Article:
A Canada-wide warrant has been issued for Paul Craig Cobb, who is believed to have fled to the United States.
Montana - A fugitive white supremacist facing a Canada-wide arrest warrant has called on his supporters to launch violent attacks on Jews and U.S. government installations, a U.S.-based terrorism monitoring group reported Tuesday.
Craig Cobb, 59, wrote from his U.S. hideout that he preferred his followers decide on “doing something they haven’t yet done before” for the white supremacist cause — rather than offer him help.
He cited three far-right extremists as having carried out acts that he urged should be seen as templates for future acts of violence, according to Washington-based SITE Intelligence Group.
“History may turn,” Cobb wrote, if there were “just a few more” people such as Joe Stack, who in 2010 flew his Piper Dakota plane into a federal building in Austin, Texas, killing himself and an Internal Revenue Service manager, and injuring 13; James von Brunn, who perpetrated the U.S. Holocaust Memorial Museum shooting in Washington, D.C., in 2009, killing a security guard; and Joseph Paul Franklin, a serial killer motivated by a pathological hatred of African Americans and Jews.
Cobb is believed to be in Montana, where he readily admits his home is a “hole in the ground” as he discusses getting by on minimal handouts from friends.
“Money doesn’t motivate him at all; he only wants money to survive,” said Det. Const. Terry Wilson of the RCMP’s B.C. hate crime team.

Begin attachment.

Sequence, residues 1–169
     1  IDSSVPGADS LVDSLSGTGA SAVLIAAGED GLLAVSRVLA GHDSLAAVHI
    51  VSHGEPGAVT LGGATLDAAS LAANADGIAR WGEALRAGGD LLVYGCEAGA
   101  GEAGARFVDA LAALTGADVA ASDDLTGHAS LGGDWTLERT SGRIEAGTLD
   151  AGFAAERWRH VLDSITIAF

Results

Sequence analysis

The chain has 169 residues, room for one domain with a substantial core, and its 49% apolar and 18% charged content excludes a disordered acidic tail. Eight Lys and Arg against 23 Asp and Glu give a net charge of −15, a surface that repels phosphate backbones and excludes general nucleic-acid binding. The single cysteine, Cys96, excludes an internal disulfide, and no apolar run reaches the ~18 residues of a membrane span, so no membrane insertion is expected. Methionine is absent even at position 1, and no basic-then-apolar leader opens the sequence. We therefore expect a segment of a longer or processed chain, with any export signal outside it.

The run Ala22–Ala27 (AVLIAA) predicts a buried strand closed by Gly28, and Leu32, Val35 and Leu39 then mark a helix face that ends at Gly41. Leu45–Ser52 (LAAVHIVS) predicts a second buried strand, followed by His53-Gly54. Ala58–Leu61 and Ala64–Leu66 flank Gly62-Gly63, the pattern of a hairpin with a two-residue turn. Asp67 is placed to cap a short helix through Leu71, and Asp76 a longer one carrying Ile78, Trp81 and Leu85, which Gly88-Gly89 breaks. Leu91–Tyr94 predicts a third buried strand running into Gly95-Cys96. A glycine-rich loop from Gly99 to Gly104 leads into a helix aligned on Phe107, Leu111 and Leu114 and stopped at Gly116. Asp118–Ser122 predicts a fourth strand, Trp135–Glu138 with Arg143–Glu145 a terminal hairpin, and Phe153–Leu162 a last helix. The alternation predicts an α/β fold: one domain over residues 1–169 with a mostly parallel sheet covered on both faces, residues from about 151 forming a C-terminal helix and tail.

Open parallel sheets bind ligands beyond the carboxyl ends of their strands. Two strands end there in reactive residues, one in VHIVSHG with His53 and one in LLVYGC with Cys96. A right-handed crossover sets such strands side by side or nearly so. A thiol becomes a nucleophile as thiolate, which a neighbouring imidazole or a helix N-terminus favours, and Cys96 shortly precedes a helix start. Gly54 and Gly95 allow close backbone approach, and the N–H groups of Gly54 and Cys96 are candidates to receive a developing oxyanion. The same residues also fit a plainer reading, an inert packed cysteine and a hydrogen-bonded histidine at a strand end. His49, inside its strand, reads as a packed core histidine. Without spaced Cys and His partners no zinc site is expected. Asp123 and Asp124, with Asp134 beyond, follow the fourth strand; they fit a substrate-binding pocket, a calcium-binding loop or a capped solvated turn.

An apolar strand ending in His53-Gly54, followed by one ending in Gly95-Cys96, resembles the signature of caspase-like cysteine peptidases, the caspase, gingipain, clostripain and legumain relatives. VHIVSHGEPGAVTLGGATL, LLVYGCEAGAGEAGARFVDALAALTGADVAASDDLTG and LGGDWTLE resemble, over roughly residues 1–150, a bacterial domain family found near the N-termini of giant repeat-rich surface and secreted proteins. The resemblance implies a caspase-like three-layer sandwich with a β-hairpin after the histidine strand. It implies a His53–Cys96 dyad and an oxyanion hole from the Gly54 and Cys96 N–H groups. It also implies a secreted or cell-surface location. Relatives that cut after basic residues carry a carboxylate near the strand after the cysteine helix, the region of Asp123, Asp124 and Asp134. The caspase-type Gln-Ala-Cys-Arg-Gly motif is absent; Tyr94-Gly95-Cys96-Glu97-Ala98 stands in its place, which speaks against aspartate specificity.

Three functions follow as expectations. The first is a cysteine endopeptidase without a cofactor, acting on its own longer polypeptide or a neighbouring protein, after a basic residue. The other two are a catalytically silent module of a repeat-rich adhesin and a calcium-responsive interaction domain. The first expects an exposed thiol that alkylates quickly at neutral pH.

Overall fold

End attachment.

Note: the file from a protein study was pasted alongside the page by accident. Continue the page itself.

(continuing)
The message, posted by an intermediary, appeared on the extremist Vanguard News Network Jan. 8, according to SITE.
Canadian authorities have accused Cobb of operating his own hate website from Vancouver for 10 months before his arrest at the Vancouver Public Library last June following a six-month Hate Crime Team investigation.
Massachusetts killer and rapist Keith Luke told police in January 2009 he “drew his inspiration” from the now-closed site, according to the local Enterprise newspaper. Luke, then 22, murdered two black immigrants and raped and shot another.
Among the site’s many channels were also user-submitted videos, some of which showed Russian neo-Nazis beheading and shooting Asian immigrants, and Russian skinheads punching and stomping of orthodox Jews and non-whites, according to the research group Southern Poverty Law Center.
Cobb fled to the United States after RCMP released him within 10 hours of his arrest because of a delay in the police agency’s ability to lay the federal hate-crime charge. Such charges require the provincial attorney general’s approval.
A warrant was issued for his re-arrest after police on Dec. 30 laid a charge of wilful promotion of hatred.
Missouri–born Cobb, who gained Canadian in addition to U.S. citizenship after living in Canada in the 1970s, created his site in 2005, when he lived in Estonia. He returned to Canada after the Estonian government deported him in August 2009.